This post from Adobe ranks second on Google for the search term “how to do email marketing,” and it was published more than a year ago. Second-position results have an average 18.7% click-through rate, so there’s a good chance this post is still getting a ton of traffic today. 

Build a High-Margin Channel

While SEO is not completely free, as some guides would have you believe, it’s a relatively low-cost marketing method. This means that the margins are higher than with other tactics, once you’ve accounted for the cost of content creation. The cost inputs for building an SEO channel are often very straightforward, too.

Building an SEO channel typically comes with a cost (for instance, the cost of creating the content or webpages). But as long as you’re writing about evergreen topics or topics with a long shelf life, the money you spend on content creation will pay dividends for years to come.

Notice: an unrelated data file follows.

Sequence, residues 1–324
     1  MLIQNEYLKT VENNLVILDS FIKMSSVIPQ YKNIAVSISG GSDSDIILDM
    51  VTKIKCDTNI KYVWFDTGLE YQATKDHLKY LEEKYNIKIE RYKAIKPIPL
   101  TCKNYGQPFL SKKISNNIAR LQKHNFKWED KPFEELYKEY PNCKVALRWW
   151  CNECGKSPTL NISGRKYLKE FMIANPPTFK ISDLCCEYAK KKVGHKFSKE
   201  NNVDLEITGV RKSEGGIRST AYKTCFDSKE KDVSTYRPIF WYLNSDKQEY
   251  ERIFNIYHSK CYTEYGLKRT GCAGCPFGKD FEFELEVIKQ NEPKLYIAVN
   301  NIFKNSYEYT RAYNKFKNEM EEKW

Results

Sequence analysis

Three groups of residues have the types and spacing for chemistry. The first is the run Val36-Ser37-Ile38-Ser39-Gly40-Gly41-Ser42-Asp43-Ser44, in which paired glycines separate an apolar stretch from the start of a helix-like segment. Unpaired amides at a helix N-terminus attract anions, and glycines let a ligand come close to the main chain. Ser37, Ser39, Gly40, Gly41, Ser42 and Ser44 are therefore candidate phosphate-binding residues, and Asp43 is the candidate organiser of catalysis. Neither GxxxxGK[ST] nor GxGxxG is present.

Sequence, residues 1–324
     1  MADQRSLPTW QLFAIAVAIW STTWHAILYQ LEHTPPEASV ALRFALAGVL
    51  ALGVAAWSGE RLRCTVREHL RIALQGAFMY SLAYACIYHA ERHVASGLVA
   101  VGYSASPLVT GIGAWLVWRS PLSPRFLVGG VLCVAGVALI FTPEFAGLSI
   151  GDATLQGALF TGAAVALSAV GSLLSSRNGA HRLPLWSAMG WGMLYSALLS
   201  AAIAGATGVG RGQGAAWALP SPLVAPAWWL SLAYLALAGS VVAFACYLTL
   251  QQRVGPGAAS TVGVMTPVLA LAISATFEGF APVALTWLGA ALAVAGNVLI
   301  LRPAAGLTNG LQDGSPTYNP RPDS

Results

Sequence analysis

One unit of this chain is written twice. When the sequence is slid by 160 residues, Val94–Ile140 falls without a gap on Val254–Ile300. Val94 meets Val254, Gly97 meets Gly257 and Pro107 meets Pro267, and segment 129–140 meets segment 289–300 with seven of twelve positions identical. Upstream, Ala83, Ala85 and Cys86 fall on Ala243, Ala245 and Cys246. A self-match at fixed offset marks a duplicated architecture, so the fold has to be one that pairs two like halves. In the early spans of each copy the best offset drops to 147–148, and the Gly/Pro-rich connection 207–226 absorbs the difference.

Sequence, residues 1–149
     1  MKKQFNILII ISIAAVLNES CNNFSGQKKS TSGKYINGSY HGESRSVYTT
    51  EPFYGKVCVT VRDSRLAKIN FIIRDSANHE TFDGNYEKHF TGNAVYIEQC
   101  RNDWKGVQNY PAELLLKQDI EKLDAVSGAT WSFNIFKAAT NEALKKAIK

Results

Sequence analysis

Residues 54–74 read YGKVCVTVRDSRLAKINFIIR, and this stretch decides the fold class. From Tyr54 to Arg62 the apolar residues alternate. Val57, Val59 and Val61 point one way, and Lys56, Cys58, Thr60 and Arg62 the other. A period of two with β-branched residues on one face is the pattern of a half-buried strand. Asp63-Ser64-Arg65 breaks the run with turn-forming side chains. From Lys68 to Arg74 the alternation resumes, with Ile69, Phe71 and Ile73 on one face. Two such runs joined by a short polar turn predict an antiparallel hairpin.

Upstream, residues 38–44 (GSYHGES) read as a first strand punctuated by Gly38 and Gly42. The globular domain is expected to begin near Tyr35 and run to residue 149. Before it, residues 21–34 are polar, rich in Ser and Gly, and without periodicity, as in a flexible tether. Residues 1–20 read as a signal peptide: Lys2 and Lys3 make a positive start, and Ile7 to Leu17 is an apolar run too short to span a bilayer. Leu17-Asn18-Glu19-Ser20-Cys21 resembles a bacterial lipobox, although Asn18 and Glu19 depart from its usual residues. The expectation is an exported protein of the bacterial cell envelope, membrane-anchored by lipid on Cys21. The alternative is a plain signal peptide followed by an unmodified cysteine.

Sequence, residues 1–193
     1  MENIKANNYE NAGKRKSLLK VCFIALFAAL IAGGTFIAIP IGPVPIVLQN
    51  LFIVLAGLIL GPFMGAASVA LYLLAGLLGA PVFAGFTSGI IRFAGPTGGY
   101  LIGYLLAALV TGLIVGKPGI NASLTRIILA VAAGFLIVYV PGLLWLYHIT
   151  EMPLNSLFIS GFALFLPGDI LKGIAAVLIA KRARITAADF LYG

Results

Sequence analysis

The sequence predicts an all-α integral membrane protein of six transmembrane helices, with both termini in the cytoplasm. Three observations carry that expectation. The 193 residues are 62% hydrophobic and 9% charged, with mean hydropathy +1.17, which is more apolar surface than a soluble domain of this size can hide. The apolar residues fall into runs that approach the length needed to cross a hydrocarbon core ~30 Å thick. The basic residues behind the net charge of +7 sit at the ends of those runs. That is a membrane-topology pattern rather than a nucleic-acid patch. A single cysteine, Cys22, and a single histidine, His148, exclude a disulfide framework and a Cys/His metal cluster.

Many startups hire freelance content writers to help with content creation. But at the very early stages, the startup’s founders themselves might be writing the content — this doesn’t exactly make the content free, but it doesn’t require an outlay of cash. For example, at Positional, our co-founder Nate Matherson typically writes about one blog post per week.

Alternatively, if you’re building a programmatic SEO strategy and generating webpages automatically, the cost of creating content would be very low.

When Startups Shouldn’t Start Building SEO Channels

If you need immediate growth right now, it might be wiser to focus your efforts elsewhere. There are other channels you can use to move the needle (like paid ads and social media platforms), especially if you need to get immediate results. SEO is a longer-term investment that takes time to pick up but can have amazing compounding effects once it’s in play. 

6 Steps to Building Your SEO Channel

1. Set Clear Goals and Commit to Being Consistent

SEO isn’t a quick fix, so acknowledge upfront that you’re going to be in it for the long haul. You won’t see results immediately, but that doesn’t mean you can’t set clear KPIs and monitor your efforts.